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Horse-centric nonprofits merge to create ‘bigger and better’ organization

A student receives therapy through horseback riding through the Main Stay Therapeutic Riding Program in Richmond. (Photo provided by Main Stay Therapeutic Riding Program)

A student receives therapy through horseback riding through the Main Stay Therapeutic Riding Program in Richmond. (Photo provided by Main Stay Therapeutic Riding Program)

The merger of two nonprofit social service organizations has leaders from both agencies confident combining prior individual success will translate into a long-lasting legacy as a single entity.

Main Stay Therapeutic Riding Program recently announced the acquisition of Light Center. The merger will take place July 1 with all operations expected to be under one roof sometime next year.

Richmond-based Main Stay provides services to the mentally and physically challenged through horseback riding. Light Center in Union offers therapy for at-risk youth through the use of animals in a barnyard setting.

The merger comes after years of investigating expansion opportunities for Main Stay and as Light Center executive director and founder Jan Cederlund pondered retirement.

“As it got closer to the time of deciding what I am going to do next with my life, I had to decide whether or not I wanted to take a leap of faith and allow the business to grow,” Cederlund said. “This is merging two different organizations with the same philosophies to create a bigger and better one.”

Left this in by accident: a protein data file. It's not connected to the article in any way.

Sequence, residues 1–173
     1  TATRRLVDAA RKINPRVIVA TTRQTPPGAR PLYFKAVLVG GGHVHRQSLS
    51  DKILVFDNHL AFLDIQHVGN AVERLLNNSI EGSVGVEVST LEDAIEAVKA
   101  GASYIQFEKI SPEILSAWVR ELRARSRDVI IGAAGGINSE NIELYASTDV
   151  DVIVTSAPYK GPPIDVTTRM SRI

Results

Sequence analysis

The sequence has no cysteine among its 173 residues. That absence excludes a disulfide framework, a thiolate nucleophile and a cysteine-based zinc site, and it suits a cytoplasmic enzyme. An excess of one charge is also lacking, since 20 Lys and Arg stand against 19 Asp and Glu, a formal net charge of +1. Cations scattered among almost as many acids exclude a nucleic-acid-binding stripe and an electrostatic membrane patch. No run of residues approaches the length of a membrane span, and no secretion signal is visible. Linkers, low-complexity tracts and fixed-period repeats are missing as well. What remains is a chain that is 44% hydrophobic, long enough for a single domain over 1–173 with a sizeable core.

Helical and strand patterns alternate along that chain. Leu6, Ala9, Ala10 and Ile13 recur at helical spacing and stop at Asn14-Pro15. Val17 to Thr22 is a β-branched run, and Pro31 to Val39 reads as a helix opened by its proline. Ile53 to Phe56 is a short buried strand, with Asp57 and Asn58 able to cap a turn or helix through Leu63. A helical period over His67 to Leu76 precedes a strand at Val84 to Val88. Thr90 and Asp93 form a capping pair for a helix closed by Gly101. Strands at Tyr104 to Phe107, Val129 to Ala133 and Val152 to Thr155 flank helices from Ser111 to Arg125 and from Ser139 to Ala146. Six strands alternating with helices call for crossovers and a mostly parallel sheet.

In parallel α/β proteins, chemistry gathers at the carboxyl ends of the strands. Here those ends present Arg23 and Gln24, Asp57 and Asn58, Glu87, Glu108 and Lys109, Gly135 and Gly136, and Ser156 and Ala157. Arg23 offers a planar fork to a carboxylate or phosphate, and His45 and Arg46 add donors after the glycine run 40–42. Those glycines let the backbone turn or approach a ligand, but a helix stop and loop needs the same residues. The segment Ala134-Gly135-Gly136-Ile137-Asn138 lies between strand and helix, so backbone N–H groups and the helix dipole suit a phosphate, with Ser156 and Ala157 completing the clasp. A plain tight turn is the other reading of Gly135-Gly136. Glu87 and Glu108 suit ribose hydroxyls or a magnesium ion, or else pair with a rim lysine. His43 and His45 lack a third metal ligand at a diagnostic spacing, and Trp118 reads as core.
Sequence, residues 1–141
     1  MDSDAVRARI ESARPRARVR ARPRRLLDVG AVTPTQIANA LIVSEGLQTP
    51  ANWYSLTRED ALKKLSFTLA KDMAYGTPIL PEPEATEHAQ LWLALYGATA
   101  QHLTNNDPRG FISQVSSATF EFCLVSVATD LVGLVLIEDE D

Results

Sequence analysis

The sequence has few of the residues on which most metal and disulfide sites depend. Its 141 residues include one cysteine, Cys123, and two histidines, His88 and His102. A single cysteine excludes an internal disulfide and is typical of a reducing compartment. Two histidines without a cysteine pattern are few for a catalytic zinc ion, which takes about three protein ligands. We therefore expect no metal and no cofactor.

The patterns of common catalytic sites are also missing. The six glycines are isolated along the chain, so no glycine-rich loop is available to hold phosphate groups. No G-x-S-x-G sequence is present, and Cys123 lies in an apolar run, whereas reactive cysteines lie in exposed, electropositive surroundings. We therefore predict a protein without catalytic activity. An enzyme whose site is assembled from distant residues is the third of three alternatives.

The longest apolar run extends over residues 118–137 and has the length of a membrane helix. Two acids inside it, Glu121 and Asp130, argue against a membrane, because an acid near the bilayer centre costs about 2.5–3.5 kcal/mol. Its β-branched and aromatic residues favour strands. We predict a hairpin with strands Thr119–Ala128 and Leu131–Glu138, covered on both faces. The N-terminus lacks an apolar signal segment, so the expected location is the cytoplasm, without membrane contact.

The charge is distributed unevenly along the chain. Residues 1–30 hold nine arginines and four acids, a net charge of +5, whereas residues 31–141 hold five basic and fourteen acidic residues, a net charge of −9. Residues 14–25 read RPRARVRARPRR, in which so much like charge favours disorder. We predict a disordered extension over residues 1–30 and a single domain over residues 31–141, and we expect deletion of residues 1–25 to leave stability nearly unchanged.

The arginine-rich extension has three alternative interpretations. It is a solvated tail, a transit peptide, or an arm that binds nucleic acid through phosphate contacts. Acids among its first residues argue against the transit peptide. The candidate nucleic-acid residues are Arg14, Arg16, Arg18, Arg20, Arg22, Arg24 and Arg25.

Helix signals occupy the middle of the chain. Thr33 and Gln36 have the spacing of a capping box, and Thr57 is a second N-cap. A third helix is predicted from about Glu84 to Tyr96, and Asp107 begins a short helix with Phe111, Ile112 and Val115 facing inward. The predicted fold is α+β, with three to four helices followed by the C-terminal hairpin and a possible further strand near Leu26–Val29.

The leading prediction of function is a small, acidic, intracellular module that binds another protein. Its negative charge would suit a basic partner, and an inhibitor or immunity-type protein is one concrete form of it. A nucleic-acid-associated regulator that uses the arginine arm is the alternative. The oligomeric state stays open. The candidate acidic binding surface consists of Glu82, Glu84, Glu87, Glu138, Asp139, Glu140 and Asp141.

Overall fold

Cederlund founded Light Center in 1999 on farmland off Marengo Road after years as a special education teacher focusing on multi-sensory education. The nonprofit has since grown to serve more than 1,500 children.

“It has been a real labor of love,” she said. “This is the best thing I have ever done aside from having my own family. This merger will allow the program name to live on.”

The acquisition becomes official July 1 — a day after Cederlund’s retirement takes effect. Sessions will continue at Light Center before Main Stay assumes all responsibilities for programming and the 32 animals onsite.

Programming will then continue at Light Center before all operations are moved to an expanded Main Stay facility in Richmond, expected to open the middle of next year.

Roughly $50,000 in expenses will be added to Main Stay’s current $500,000 budget with the acquisition. The Light Center Foundation will also dissolve.

Assets that will be acquired through the transition are undetermined, according to Loriann Dowell, executive director at Main Stay. The associate director of Light Center will be retained.

“This is a wonderful complement to our service offerings,” Dowell said. “We have been doing similar things on a smaller scale, but this allows us to fill a huge need in the area.”

Main Stay Board President Sara Foszcz agreed.

“The power of the work we do will be enhanced with the absorption of the equally powerful work of Light Center,” she said. “Blending the best of both programs allows us to serve the community with a stronger and more deeply integrated program.”

Main Stay serves 25 students a week through the use of 125 volunteers.

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